The world of Geoffrey Keating
History, myth and religion in seventeenth-century Ireland
Geoffrey Keating's Foras Feasa ar Eirinn was among the most popular and influential histories ever written. It offered a sense of Ireland, of Irishness, and of Catholicism that had wide appeal. The work has long been valued for its mastery of the Irish language and its attractive literary style, yet its significance as history has been ignored. This innovative book, now available in paperback, evaluates Keating's role as both historian and theologian, providing an imaginative interdisciplinary analysis of the entire range of Keating's writing and of the social circumstances and intellectual influences that moulded his world.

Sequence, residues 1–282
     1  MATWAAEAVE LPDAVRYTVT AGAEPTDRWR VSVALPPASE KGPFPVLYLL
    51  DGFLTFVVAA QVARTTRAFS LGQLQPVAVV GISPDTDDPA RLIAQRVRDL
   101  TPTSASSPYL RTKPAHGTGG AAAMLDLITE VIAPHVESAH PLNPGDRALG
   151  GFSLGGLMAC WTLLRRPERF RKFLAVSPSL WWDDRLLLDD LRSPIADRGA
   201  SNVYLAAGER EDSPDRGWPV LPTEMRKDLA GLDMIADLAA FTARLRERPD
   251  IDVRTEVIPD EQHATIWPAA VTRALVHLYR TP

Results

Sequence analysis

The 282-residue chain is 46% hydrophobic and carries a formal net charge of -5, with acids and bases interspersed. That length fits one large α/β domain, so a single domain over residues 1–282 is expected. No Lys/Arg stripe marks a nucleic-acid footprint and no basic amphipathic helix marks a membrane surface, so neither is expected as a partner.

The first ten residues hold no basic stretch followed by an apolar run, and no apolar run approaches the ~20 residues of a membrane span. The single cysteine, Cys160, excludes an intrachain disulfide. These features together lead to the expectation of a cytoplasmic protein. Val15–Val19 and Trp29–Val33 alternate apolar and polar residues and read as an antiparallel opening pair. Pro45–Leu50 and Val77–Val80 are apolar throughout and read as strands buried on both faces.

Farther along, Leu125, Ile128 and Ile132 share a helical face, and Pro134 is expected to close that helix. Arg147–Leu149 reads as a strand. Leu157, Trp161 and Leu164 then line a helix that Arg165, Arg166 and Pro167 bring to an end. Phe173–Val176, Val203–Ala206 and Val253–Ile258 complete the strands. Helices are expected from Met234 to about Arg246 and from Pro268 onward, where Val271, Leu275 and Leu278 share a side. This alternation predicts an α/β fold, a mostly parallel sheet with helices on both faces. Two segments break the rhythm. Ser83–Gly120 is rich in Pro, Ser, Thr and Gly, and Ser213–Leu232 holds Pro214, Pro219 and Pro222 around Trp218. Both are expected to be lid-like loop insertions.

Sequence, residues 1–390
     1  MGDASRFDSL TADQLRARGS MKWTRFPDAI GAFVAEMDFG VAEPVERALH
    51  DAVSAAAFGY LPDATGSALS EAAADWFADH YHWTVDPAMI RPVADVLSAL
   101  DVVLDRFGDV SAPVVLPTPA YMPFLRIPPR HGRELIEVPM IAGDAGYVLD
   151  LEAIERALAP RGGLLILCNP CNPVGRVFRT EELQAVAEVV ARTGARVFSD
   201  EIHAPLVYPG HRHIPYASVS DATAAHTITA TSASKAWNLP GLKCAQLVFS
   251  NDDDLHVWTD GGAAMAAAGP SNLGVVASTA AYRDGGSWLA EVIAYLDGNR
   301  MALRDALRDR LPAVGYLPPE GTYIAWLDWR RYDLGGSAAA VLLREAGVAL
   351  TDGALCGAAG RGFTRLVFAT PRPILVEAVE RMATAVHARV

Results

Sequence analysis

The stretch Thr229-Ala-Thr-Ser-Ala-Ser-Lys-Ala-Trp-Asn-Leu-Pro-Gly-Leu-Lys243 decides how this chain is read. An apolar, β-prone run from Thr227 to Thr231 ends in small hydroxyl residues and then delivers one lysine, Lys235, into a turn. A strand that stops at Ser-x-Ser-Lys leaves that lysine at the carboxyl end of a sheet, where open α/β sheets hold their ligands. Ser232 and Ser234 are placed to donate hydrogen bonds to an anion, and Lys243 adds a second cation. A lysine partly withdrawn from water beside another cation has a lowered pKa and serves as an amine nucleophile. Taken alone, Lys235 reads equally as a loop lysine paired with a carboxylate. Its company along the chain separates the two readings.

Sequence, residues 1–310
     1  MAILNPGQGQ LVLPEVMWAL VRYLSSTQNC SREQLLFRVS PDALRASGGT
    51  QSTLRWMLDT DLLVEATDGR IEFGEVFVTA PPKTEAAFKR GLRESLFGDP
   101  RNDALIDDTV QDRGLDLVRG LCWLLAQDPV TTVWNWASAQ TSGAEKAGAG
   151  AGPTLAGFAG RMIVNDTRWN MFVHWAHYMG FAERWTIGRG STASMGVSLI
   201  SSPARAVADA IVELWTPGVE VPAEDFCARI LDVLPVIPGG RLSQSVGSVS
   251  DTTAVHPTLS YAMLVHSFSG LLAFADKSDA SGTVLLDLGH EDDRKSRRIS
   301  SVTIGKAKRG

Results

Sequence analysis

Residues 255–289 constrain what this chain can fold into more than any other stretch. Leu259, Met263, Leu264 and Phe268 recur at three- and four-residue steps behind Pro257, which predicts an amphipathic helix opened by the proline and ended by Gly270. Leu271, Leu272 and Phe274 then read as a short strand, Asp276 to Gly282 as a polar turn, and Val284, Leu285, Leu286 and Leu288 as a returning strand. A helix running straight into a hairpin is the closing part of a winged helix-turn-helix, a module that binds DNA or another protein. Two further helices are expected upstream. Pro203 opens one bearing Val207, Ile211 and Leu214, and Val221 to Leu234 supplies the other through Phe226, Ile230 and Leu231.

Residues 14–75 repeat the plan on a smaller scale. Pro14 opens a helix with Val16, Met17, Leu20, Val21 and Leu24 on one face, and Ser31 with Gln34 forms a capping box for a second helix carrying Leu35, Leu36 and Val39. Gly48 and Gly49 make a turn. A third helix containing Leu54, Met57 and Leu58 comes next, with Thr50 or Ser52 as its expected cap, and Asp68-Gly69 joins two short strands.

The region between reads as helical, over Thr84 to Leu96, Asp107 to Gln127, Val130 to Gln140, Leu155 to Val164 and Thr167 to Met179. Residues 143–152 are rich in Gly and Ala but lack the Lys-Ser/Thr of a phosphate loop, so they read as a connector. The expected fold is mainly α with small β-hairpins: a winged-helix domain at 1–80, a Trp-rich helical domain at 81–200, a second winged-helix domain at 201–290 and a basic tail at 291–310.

The world of scribes, translators, publishers and readers of Keating's works are part of this historiographical assessment of how ideas were transmitted to later generations. Geoffrey Keating's intellectual legacy in influencing perceptions of Irishness has been profound, not least as the populariser of the idea of a 'special relationship' between Catholicism and Irishness. This is an important, original study of the cultural, social and intellectual world of Ireland's most influential seventeenth-century writer.
Bernadette Cunningham is Deputy Librarian at the Royal Irish Academy, Dublin. Along with Raymond Gillespie, she is the author of Stories from Gaelic Ireland: microhistories from the Irish annals (Dublin, 2003).